When buying or renovating your home, security screen doors may not be the first things that spring to mind. It’s far more exciting to plan your colour scheme and choose the latest furniture or kitchen appliances; but in reality, choosing a security door should be a more important decision than the brand of refrigerator for your kitchen.
So, which security screen door should you select? While it may be tempting to go to Gumtree and look for an attractive screen door that visitors will admire, rarely does a screen door just fit perfectly into place, and investing a little more time and money now, will pay dividends for many years to come.
There are many factors to consider. In our Australian climate it’s nice to be able to let in some fresh air while keeping out winged invaders, as well as those on two feet. So, a combination of insect screen and security is usually the most popular. The end decision, though, really depends on you, the homeowner. How much do you want to spend? Do you live in a high-crime area, or are flying insects your main concern? Will your home and contents insurance give you a discount if your security screen doors are of a high standard, or alternatively if you do not have security screens on your doors and you have a break and enter, often the insurance will not pay out on your claim.
As you are probably aware, not all security doors are created equal! There are many of different types out there, all with different combinations of features. In this article we’ll be taking a broad-brush look at these features, with more details of the features themselves in future articles.
If security is your primary concern, it’s a good idea to check that the doors you select meet with Australian Standards. In Queensland especially, the standards are a recommendation but are not mandatory nor enforced by any governing body. The National Security Screen association, is working towards a benchmark that will provide consumer protection and a mandated Law in the future, but currently they have no jurisdiction other that recommendations for the industry.
Be aware that some products may be advertised as ‘security screens,’ but in fact could be only a barrier door. There a three types of screen doors you should be familiar with:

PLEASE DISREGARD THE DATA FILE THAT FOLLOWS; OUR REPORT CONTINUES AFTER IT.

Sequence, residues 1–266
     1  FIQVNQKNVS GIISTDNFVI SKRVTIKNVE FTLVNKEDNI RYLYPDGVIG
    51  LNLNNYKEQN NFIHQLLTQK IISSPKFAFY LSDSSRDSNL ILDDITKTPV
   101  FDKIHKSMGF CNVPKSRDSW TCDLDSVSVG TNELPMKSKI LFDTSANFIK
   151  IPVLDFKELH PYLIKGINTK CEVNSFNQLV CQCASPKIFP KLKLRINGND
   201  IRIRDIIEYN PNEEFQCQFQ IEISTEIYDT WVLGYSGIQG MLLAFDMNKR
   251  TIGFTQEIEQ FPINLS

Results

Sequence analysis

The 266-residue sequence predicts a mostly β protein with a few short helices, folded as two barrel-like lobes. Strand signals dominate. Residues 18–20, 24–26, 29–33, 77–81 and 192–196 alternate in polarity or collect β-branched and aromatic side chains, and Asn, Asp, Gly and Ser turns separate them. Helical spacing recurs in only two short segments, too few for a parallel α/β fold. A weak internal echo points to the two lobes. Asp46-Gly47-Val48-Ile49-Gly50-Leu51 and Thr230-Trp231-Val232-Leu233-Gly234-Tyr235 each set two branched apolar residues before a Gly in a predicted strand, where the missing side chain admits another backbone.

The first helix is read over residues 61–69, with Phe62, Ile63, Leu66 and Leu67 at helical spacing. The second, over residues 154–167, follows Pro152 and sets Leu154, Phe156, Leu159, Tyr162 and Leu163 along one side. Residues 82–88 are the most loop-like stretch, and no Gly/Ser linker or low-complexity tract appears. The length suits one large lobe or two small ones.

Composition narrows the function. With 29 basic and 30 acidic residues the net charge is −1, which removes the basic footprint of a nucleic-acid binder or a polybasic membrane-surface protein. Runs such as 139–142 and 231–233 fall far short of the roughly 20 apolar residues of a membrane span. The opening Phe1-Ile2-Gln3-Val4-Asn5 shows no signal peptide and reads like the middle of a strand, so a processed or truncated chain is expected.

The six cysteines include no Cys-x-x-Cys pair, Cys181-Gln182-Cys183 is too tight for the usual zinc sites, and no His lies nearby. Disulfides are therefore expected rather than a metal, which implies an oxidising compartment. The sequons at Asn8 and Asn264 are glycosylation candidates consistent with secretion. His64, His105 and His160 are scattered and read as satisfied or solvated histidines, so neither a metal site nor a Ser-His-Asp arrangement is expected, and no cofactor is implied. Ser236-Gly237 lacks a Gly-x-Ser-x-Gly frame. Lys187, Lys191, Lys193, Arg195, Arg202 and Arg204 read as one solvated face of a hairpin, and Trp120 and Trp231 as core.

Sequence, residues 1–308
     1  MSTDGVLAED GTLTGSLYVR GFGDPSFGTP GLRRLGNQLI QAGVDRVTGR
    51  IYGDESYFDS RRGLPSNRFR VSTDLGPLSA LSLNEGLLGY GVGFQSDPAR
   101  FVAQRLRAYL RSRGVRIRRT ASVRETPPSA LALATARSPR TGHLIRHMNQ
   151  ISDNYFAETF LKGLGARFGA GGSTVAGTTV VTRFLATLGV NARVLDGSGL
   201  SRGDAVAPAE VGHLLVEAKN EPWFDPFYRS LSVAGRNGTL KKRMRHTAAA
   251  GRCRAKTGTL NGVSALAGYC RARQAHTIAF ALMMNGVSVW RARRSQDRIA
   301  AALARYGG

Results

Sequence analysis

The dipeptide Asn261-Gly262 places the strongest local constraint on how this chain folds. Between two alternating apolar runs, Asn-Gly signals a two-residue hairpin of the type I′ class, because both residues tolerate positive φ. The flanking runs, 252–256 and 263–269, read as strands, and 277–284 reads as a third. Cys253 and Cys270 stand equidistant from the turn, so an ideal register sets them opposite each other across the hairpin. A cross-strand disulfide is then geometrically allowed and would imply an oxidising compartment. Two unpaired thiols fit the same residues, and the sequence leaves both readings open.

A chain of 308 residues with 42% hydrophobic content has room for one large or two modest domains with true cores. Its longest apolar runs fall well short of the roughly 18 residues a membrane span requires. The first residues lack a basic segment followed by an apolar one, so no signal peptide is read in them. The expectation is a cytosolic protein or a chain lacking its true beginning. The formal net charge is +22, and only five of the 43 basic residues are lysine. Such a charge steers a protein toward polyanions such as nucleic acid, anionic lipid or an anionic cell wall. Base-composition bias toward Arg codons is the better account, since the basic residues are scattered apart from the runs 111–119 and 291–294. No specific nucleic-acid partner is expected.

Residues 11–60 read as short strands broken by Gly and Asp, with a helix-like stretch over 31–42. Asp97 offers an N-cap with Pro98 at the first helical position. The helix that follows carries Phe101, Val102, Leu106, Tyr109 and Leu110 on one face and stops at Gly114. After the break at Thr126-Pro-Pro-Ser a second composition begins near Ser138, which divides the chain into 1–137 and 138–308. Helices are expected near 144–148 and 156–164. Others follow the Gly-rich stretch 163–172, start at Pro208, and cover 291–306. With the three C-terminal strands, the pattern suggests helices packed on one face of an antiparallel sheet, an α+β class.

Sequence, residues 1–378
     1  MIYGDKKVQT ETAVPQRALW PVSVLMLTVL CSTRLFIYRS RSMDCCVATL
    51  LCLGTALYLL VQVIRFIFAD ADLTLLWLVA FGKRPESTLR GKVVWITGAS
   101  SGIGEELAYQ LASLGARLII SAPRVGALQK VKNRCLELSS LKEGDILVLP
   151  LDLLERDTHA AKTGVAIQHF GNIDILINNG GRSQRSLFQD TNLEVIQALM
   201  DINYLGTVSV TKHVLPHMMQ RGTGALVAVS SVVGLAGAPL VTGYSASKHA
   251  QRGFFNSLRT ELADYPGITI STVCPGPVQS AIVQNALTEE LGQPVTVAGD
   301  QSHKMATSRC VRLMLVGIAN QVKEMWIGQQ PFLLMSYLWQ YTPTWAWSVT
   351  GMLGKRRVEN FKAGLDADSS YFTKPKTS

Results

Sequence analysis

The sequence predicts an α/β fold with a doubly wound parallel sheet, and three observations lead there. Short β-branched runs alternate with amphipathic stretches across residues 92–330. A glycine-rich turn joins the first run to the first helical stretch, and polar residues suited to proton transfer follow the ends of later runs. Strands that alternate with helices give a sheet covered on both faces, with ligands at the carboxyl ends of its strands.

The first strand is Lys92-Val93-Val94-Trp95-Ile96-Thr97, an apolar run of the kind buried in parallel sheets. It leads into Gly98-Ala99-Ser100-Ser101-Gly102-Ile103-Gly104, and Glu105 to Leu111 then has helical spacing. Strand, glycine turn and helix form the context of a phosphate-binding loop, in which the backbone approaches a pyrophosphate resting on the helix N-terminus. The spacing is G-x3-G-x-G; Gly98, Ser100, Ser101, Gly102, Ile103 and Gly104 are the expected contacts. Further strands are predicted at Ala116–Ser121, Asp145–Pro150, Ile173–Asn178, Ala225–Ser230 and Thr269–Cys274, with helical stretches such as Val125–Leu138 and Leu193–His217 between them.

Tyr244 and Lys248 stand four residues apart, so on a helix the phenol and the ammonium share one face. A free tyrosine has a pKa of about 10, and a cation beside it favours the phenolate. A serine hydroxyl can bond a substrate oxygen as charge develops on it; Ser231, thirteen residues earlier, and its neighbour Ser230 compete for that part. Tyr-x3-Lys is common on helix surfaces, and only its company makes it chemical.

- Stainless Steel Doors: These are the strongest and most preferable screens. if your concerns are that of security, and not wanting to feel hemmed in by the grille feature of a security screen door. These obviously are the most expensive but the longevity of the product out weighs the cost. Especially in your forever home.
- Security Screen Doors: These are the most commonly installed security screen doors and are suitable for the majority of security conscious home owners. These are available in a multitude of colours, and are recognised by the diamond grille feature in the main frame. The grille is also made of non-corrosive aluminium, and the fly screen mesh once secured forms the finished result of security screen and insect protection.
- Fly Screen Doors: Generally, these types will keep out unwanted flying insects and flies. Made with an aluminium frame, these can have a number of different types of mesh. Notably some meshes are made of nylon, and the better-quality types are made of fibre glass and are more durable long term. For an additional cost, paw proof mesh is available if you have animals in the house that have a tendency to scratch and claw at the screens, this is a better option for this purpose.
Here is a broad look at the main features you may like to consider when purchasing a security screen door:
- A sturdy Frame
The majority of frames are made of aluminium. The main advantage of aluminium is that it doesn’t rust. The test here is how the corners are joined, and sometimes this corner stake can be plastic where the reputable suppliers prefer and recommend aluminium corner stakes, that are secured into place.
- A strong mesh or grille
A stainless-steel mesh that is secured into the frame is the most secure and your best choice. 316 marine grade stainless steel doors have the additional protection of rust prevention and is recommended.
- Locks and hinges
While this may be obvious, the locks need to be strong enough to withstand the most persistent intruder. Recommended are 5-pin cylinder locks. There should be at least three hinges with fixed hinge pins, preferably recessed, attaching the door to the frame.
As well as the door itself, it’s worth considering how and to what it will be attached. There is little point in having a high-end safety door if it’s connected to a weak jamb, or if there’s too much space between the jamb and the door itself. Any invader worth his salt, could force his way in by simply applying enough force to splinter the door jamb, leaving the safety door intact. All hinged doors should be triple locked.
- Company reputation
The company you choose to install your doors, should be reputable. Check for their years in business and read a variety of reviews. Check to see that they have an online presence through Google reviews, Facebook, Hi pages, and even the Yellow pages. Reviews are a very good way to have an insight into how the company performs at a number of levels, not only in supply and installation on the day, but the communications with the administration staff, through to customer service and the resolving of issues that may have occurred along the way.
Check the warranty terms and conditions, I have noted that a number of warranties advertise specific time frames, however, they have a lot of exclusions and this generally only covers the frame, not the lock or installation of the door. Some of the restrictions that are based on the warranty terms and conditions would never enable you to claim against the warranty and could be considered unreasonable.
I hope the above provides enough information for you when starting your search for a decent security screen door.